Some growers report losses of 30 percent, olive leader says
By TIM HEARDEN
California's citrus industry made it through the Thanksgiving freeze largely unscathed, but that wasn't the case for olives.
With harvest a few weeks late this year and with a heavy crop load prompting growers to leave fruit on the trees for size, some olives were left out in the cold, said Adin Hester, president of the Olive Growers Council of California in Visalia.
"We've got several thousand tons out yet that will probably not get picked because of frost damage," Hester said. "When it freezes the fruit, it makes the fruit itself worthless."
The freeze likely won't prevent table olives from surpassing the record of 163,000 tons delivered in 1992, Hester said. But for some individual farmers, losses were significant, he said.
One Northern California grower still had about 1,000 tons in his orchard, while a Visalia farmer had 60 acres left to pick out of 300, Hester said.
"They're just spot picking, trying to find fruit that may not have been damaged by the frost or fruit that's inside the tree," he said. "But it's hurt, there's no question."
Olives grown for oil were also hit, with some growers in the San Luis Obispo area facing crop losses of 20 percent to 30 percent, said Patty Darragh, executive director of the California Olive Oil Council in Berkeley.
Weather conditions have caused some hand-wringing this year among olive growers, who are otherwise enjoying a banner year after suffering through crop failures in three of the last four seasons.
From Nov. 25-27, temperatures dipped as low as 31 degrees in Fresno, 27 in Hanford, 27 in Merced and 28 in Madera. Redding reached a low of 27, and Red Bluff dipped to 29.
Rain on Saturday stopped the cold snap in most areas, and though cold temperatures briefly returned early this week, another series of storms were on the horizon.
In anticipation of the cold, citrus growers were irrigating and using wind machines to avoid damages like those suffered in 2007, when a freeze caused more than $1.4 billion in damage to citrus, avocados, strawberries, vegetables, nursery stock and other crops.
The wind machines were effective this time as temperatures in most orchards didn't go lower than about 30 or 31 degrees, said Bob Blakely, director of industry relations for California Citrus Mutual in Exeter.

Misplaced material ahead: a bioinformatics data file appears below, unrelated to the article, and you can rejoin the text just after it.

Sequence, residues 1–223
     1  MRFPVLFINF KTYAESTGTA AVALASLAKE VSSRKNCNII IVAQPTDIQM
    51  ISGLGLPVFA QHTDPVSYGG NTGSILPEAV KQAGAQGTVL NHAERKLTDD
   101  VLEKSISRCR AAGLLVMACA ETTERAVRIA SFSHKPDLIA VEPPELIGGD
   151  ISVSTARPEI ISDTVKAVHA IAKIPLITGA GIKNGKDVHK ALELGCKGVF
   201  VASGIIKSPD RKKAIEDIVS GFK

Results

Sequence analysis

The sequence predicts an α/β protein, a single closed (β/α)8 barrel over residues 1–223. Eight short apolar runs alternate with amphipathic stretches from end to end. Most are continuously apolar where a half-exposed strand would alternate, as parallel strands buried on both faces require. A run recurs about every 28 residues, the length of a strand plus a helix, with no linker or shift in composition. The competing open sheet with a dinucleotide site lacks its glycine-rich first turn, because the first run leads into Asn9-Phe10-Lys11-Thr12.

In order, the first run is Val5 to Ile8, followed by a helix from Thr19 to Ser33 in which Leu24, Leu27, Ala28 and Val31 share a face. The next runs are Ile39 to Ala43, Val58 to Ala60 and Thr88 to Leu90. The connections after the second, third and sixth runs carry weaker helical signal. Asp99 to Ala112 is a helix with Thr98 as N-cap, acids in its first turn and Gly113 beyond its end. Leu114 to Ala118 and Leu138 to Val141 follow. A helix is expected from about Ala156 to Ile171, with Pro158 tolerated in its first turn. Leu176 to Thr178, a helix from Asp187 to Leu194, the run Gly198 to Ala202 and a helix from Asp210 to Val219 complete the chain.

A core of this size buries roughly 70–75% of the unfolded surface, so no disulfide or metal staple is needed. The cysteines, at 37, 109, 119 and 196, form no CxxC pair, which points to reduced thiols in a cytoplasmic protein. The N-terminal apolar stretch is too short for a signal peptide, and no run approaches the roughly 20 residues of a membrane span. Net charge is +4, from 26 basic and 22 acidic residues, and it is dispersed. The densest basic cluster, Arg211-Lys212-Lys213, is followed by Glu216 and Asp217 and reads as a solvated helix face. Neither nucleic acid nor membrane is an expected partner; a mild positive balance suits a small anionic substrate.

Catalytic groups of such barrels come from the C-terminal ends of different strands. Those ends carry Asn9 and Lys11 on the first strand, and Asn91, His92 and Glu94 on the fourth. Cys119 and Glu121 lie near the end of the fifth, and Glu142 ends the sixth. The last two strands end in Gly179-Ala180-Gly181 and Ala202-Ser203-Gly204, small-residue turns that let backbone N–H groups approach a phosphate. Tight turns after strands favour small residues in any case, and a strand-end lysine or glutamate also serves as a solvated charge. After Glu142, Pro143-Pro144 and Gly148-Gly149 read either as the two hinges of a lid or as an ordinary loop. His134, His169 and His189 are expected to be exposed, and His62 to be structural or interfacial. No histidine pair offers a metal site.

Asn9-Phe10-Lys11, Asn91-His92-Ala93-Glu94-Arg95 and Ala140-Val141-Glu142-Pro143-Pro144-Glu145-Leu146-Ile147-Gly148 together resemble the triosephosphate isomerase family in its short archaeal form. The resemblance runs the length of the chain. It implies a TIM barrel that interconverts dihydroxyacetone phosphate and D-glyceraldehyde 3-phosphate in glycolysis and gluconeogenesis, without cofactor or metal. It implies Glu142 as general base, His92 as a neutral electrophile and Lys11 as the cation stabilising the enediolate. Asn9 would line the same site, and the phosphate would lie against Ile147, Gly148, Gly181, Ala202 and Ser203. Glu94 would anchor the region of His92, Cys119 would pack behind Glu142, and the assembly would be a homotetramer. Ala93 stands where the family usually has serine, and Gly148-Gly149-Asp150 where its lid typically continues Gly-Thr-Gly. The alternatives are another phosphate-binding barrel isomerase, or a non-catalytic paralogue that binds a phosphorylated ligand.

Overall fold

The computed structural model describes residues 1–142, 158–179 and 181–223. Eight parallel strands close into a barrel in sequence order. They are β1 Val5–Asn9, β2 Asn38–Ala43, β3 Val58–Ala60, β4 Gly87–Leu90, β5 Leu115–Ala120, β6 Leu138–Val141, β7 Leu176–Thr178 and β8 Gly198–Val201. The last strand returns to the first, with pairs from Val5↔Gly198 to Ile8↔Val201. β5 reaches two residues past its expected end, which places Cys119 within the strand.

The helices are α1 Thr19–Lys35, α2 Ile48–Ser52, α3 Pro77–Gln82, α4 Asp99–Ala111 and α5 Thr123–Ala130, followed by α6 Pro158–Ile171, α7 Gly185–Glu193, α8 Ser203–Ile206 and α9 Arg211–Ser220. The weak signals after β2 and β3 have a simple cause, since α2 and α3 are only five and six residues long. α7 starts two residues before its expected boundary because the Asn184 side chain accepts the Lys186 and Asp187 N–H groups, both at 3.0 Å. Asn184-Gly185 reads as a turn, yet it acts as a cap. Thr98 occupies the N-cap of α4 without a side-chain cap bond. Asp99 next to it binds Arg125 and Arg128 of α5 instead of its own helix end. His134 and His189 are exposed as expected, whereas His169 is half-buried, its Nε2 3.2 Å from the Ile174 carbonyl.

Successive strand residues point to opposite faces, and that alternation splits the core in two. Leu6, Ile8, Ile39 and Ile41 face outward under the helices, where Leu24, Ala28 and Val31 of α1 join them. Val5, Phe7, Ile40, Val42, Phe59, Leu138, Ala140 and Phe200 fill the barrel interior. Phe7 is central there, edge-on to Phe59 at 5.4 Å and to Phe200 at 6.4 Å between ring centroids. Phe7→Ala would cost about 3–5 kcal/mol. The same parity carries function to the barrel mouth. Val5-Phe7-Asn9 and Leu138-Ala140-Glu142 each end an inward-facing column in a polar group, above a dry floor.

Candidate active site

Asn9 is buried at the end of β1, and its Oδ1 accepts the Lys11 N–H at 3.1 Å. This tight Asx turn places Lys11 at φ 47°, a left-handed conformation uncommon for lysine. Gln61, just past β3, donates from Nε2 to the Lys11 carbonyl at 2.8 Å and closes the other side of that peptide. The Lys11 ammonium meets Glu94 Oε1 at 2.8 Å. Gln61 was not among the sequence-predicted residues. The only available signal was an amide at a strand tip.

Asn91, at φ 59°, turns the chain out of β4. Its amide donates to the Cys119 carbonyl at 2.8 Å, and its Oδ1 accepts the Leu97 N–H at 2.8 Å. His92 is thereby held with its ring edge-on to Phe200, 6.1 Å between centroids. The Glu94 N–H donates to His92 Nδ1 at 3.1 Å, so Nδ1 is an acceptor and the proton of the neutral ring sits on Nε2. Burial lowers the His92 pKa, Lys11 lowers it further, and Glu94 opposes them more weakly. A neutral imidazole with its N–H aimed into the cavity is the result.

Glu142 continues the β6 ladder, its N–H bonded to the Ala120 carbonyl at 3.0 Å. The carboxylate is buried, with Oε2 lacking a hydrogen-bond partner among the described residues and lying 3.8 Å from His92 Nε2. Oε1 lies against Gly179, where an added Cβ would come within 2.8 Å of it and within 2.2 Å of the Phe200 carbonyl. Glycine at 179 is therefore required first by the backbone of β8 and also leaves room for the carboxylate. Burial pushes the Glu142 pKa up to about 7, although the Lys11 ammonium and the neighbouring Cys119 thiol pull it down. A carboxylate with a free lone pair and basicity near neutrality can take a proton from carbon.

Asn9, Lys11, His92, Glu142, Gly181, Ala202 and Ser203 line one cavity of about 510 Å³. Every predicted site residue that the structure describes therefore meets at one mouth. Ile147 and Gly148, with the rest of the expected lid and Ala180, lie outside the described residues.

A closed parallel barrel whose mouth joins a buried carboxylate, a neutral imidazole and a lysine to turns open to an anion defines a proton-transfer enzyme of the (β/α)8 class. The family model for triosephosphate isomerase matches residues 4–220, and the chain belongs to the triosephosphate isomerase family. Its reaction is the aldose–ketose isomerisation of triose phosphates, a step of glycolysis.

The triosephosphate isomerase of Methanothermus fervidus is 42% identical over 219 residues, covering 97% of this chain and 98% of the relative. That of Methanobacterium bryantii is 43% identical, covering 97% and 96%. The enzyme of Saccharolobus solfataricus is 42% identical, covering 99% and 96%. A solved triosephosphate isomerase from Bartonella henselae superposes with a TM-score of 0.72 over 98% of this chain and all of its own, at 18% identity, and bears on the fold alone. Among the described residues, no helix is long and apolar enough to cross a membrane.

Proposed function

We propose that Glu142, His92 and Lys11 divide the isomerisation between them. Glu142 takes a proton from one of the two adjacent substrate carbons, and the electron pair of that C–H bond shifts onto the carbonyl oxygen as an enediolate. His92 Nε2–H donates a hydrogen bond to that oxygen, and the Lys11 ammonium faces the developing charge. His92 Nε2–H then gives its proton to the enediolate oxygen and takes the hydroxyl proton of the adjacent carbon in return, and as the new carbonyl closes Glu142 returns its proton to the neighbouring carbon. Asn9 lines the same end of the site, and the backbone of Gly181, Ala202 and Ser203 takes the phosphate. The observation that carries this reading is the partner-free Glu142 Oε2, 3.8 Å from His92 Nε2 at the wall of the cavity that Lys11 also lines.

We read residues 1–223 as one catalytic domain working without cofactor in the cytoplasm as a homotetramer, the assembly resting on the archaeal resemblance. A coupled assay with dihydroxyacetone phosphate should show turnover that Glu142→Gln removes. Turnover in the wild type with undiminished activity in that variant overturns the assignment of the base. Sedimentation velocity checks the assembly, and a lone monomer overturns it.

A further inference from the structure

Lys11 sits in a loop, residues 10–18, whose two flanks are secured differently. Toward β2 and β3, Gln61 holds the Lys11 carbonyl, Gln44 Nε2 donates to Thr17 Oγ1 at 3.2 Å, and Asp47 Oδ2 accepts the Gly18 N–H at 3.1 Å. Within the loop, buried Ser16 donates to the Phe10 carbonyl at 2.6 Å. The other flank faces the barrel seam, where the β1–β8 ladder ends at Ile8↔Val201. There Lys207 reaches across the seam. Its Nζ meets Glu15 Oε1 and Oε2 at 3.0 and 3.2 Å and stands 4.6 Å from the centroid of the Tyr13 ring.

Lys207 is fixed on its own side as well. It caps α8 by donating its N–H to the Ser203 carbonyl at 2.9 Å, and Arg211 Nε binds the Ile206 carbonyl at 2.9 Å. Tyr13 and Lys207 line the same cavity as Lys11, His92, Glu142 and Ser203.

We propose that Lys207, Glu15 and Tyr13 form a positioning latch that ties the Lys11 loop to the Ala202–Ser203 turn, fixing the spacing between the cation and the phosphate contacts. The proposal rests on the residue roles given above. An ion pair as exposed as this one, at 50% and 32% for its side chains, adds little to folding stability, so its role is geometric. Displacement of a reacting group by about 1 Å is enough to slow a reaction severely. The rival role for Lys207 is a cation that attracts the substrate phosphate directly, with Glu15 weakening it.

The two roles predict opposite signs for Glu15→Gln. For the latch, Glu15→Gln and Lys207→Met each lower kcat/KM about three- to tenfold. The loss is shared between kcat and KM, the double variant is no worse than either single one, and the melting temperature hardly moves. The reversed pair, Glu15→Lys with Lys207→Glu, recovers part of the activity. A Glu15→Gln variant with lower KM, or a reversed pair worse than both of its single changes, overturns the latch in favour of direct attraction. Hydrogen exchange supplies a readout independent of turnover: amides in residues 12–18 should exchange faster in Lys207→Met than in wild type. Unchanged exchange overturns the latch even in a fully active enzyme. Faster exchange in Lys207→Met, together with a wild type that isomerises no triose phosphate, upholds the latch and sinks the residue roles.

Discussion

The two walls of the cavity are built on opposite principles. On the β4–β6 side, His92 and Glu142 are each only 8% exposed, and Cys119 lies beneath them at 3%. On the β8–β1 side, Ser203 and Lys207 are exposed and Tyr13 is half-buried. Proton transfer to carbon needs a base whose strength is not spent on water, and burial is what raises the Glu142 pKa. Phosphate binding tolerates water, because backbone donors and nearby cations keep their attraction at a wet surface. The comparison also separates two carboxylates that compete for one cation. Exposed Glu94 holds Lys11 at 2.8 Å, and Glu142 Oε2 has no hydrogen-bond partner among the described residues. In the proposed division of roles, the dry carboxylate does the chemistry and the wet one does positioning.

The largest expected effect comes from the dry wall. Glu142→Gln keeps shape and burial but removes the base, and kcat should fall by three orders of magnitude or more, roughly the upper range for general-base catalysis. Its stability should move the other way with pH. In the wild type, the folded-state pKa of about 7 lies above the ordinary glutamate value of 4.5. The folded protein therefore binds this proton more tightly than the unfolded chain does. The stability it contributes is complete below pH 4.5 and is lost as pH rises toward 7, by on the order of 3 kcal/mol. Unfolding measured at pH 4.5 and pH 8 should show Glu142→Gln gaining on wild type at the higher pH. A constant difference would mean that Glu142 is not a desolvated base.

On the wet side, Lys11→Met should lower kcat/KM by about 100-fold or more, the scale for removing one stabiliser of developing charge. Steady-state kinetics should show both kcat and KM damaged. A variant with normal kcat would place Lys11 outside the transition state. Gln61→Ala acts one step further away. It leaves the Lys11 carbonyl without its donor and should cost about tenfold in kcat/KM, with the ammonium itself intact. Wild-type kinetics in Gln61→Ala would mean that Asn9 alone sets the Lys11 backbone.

"We came through without any expected damage," Blakely said, adding that the cold weather probably helped some fruit bring out color and sugar.
Colder weather was welcomed in California vineyards, where they help grapevines go dormant for the winter, the California Farm Bureau Federation noted. Autumn rains and other issues pushed winegrape yields as much as 20 percent below average, though this year's wine vintage should achieve high quality, the Farm Bureau reported.
With the earlier-than-normal cold snap having ended for now, La Nina conditions are expected to persist over the next two weeks, with lots of precipitation in far Northern California and not as much in the San Joaquin Valley, according to AccuWeather.com's extended forecast.
The U.S. Climate Prediction Center still expects above-normal precipitation in the Pacific Northwest and far Northern California over the next three months, with central California facing an equal chance of above- or below-average rainfall.
Here are the November and seasonal rainfall totals and comparisons to normal for selected California cities, according to the National Weather Service. Totals are as of Tuesday, Nov. 30.
Redding: Month to date 2.25 inches (normal 3.89 inches); season to date 7.38 inches (normal 6.82 inches)
Sacramento: Month to date, 2.39 inches (normal 2.11 inches); season to date, 3.83 inches (normal 3.47 inches)
Stockton: Month to date, 2.38 inches (normal 1.71 inches); season to date, 3.81 inches (normal 2.96 inches)
Modesto: Month to date, 2.12 inches (normal 1.43 inches); season to date, 2.85 inches (normal 2.56 inches)
Salinas: Month to date, 2.03 inches (normal 1.41 inches); season to date, 2.70 inches (normal 2.34 inches)
Fresno: Month to date, 1.80 inches (normal 1.06 inches); season to date, 2.24 inches (normal 1.99 inches)